To some practical extent, the future is now. We need to realize that our present actions and attitudes create our future. We cannot know the future as such, but we need to think about it. Life will happen whether we think about it or not, but knowing what matters for the future is most important. Our central character this weekend in the Gospel is John the Baptist who is most willing to shine a light on the future. He announces a message of repentance to prepare for the future. Indeed people come in hordes to hear him and respond. They step forward and receive a baptism of repentance. Note, however, in this Gospel passage that John’s blunt judgment of the Pharisees and Sadducees who are in this mass of humanity brings us up a little short. Matthew, the Gospel writer, was always hard on the religious leaders of Israel. His Gospel holds them responsible for failing to recognize Jesus as the Messiah. He evens holds them to a greater charge of failing to prepare the people for the coming of the Messiah. Thus for this great reason he has John sharply criticize them to one and all. John taunts them by saying they can take no pride in their heritage as sons of Abraham.
This Gospel story helps us to realize that our Salvation is God’s great and surprising work and that it actually begins here in the Jordan River and also will flow forever. The lesson here is that God offers salvation to people simply because they need it, not because they are children of Abraham or because they are wealthy, learned, or deserving. John tells us that this great and good news will be brought by someone else mightier than John. There is someone else coming shortly and John knows he is not worthy to carry his sandals.
When we stop and think about it, we come to realize that Jesus is the fulfillment of the prophecy of Isaiah, which is contained in the first reading this Sunday. We identify Jesus as the one upon whom the Spirit rests, offering those gifts with which we are all familiar: wisdom and understanding, counsel and strength, knowledge and fear of the Lord. This powerful reading has long been a source of hope and inspiration in our Church during the season of Advent. In fact, from the world of art, we find that the images of a peaceable kingdom have also found their way into the art that reflects the various Christmas motifs.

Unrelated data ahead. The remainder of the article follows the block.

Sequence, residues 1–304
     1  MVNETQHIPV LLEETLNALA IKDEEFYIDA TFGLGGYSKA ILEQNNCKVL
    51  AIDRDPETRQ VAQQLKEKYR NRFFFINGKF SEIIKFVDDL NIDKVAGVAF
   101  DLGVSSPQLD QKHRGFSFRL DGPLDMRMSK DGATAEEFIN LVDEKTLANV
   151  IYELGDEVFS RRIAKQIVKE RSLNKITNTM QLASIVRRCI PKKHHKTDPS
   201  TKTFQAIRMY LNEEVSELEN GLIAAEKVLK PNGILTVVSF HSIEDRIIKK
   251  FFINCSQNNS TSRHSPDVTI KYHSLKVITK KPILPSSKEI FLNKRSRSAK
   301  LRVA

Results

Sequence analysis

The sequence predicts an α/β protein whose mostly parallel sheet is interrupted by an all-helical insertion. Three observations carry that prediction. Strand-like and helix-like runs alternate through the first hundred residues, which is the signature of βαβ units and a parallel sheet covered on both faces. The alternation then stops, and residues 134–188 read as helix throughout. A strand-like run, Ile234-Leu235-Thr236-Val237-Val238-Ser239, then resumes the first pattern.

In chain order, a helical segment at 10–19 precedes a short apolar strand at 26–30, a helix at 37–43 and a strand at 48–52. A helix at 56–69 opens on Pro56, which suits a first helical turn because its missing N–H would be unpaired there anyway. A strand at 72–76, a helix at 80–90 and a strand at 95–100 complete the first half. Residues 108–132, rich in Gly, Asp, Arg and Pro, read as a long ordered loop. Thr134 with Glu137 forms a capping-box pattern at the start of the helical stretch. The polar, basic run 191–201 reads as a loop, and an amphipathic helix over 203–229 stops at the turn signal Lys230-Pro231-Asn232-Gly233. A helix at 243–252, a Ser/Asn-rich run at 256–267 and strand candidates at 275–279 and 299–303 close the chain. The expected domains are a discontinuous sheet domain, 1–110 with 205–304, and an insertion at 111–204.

We realize that the unity of opposites given in Isaiah seems more or less impossible: The lion and the ox; the wolf and the lamb; the child and the adder. These images are used with great enthusiasm as Matthew desperately wants us to understand the wonders of God’s salvation. The conflicting and paradoxical images help disclose the great reality that with God the impossible is possible and that what we could never have hoped for has already happened. We learn from our literature classes in school that symbols are not to be taken literally, but the images invite us to reconsider what we once thought impossible. Clearly it is proclaimed in this weekend scripture that the message God’s answer for our hearts and lives is Jesus Christ.
Christmas Mass Schedules: We start publishing the Christmas Mass schedule now be-cause so many people are trying to arrange family gatherings for Christmas Eve and Christmas Day. The times are: Christmas Eve: 4:00pm (3 Masses), 6:00pm, 7:30pm, and Midnight, andChristmas Day 9:00am and 10:30am. Perhaps you would consider inviting some family members to come home to Church for Christmas and take them with you when you come to Mass. The beauty of Christmas may give light to their steps so that they will return again and again.
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